In light of the ever-changing nature of Covid-19, HAVEN’s
Educators are committed to being able to meet students where they are in the
upcoming school year. We are keeping a close watch on current safety and
hygiene recommendations, as well as developing a variety of plans to
bring our prevention education to s whether they are learning at home, in
classrooms, or a mix of both in the 2020-21 school year. If you have any
questions, email email@example.com.
HAVEN’s Violence Prevention Educators travels to schools all over Rockingham and Strafford counties to provide classroom by classroom, age-appropriate, interactive curricula to grades K-12. Our educators lay the foundation of violence prevention with elementary school age children by teaching them our Personal Body Safety Rules, which focus on bodily autonomy, listening to instincts, and seeking help from trusted adults if they ever feel hurt, confused, or scared. In grades K-4 the educators reinforce these messages with a fun and engaging puppet shows that allows the students to help the puppets make the important decision to get help from a grown up.
In middle school, HAVEN’s programming addresses the needs of older students. The presentations focus on boundaries, sexual harassment and bullying, consent, healthy relationships, and more. The educators use media, interactive surveys, and group activities to keep the material engaging and accessible to a wide variety of learning needs and styles.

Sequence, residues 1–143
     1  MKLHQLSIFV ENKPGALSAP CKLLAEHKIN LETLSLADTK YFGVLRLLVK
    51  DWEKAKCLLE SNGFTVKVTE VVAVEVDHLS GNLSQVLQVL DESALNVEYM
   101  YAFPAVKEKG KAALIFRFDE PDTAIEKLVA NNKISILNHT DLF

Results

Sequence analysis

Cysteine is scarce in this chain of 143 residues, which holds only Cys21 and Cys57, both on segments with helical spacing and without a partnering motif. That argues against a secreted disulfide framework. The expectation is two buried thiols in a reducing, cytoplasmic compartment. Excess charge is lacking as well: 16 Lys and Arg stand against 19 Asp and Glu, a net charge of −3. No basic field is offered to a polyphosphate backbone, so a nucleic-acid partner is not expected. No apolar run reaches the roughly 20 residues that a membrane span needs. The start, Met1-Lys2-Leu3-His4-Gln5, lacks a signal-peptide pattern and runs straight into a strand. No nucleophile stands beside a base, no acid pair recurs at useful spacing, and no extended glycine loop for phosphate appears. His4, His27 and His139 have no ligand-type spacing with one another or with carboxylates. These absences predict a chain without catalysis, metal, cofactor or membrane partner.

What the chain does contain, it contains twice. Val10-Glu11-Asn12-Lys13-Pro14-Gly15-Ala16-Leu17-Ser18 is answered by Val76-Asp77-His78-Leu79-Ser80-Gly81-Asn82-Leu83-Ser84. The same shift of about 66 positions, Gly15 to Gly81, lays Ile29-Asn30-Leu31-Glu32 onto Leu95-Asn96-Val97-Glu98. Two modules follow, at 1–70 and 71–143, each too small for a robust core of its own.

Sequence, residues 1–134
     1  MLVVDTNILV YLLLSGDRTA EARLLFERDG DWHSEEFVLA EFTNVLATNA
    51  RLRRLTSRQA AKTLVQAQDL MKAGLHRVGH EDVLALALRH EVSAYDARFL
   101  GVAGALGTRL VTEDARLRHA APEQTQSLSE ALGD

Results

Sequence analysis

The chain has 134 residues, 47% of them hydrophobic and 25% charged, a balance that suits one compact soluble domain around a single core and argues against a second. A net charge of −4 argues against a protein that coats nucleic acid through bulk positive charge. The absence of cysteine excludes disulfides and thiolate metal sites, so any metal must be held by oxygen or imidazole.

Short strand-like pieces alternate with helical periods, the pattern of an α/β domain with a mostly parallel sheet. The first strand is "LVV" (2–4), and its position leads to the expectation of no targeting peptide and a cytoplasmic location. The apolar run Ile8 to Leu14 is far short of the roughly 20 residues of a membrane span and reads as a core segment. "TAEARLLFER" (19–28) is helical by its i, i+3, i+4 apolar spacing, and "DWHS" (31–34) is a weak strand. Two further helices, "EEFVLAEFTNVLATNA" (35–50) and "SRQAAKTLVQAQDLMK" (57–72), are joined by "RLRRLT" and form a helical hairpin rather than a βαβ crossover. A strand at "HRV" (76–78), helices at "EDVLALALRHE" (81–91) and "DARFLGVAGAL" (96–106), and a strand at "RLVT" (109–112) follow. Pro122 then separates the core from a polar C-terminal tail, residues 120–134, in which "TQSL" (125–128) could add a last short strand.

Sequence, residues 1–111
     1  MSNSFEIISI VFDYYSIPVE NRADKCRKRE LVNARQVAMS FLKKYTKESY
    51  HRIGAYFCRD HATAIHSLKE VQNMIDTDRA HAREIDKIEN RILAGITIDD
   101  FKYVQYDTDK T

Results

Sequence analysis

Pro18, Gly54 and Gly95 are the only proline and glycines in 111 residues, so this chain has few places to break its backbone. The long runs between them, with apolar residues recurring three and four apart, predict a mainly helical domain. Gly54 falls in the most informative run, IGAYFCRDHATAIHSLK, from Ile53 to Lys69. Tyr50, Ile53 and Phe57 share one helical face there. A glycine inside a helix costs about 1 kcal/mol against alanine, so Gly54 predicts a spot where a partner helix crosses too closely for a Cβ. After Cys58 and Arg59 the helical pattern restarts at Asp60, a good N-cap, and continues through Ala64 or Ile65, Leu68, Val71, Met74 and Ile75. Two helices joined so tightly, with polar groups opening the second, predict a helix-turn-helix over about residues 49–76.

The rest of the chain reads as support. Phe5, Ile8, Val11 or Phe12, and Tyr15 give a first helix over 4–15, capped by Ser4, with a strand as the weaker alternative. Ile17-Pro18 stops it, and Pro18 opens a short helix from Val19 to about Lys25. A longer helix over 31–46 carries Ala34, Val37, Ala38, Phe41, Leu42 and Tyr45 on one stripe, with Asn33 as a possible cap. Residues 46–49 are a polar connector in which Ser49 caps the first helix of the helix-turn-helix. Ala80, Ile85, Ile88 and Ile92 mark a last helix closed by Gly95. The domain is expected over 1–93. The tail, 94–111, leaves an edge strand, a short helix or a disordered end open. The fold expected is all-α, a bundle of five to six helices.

Sexual violence, domestic violence, and teen dating violence can have significant negative effects on individuals and families. We know that exposure to trauma in childhood and adolescence can put kids at higher risk of re-victimization, substance abuse, and mental health challenges in adulthood. At HAVEN, our goal is to prevent violence from happening in the first place, and to get comprehensive care for kids who have experienced trauma. Check HAVEN’s honor roll for your child’s school—if you don’t see it, get in touch with an administrator or guidance counselor to schedule a visit from the HAVEN Violence Prevention Educators.
HAVEN Prevention Education Programs
Students in grades K-5 participate in HAVEN’s Personal Body Safety (PBS) program. The guiding principle of PBS is that everybody deserves to be safe. Each grade has a presentation that was designed to be engaging, informative, and age-appropriate. Although the level of complexity changes as the kids get older, the foundation of all of the presentations is the same: teaching and reinforcing our Personal Body Safety Rules. With the help of their puppet friends, the educators teach that:
- My Body Belongs to Me
- Touches in Private Areas Are Only to Keep Me Clean and Healthy
- Touches in Private Areas Are Never a Secret
- If I Ever Feel Hurt, Confused, or Scared, I Can Talk to a Grown-Up I Trust
- It’s Never Too Late to Tell
In kindergarten the presentation focuses primarily on My Body Belongs to Me and talking to trusted adults. The presentation is done with two animal puppets who help the kindergarteners think of adults at home, school, and in the community that they can talk to if they ever feel uncomfortable or unsafe.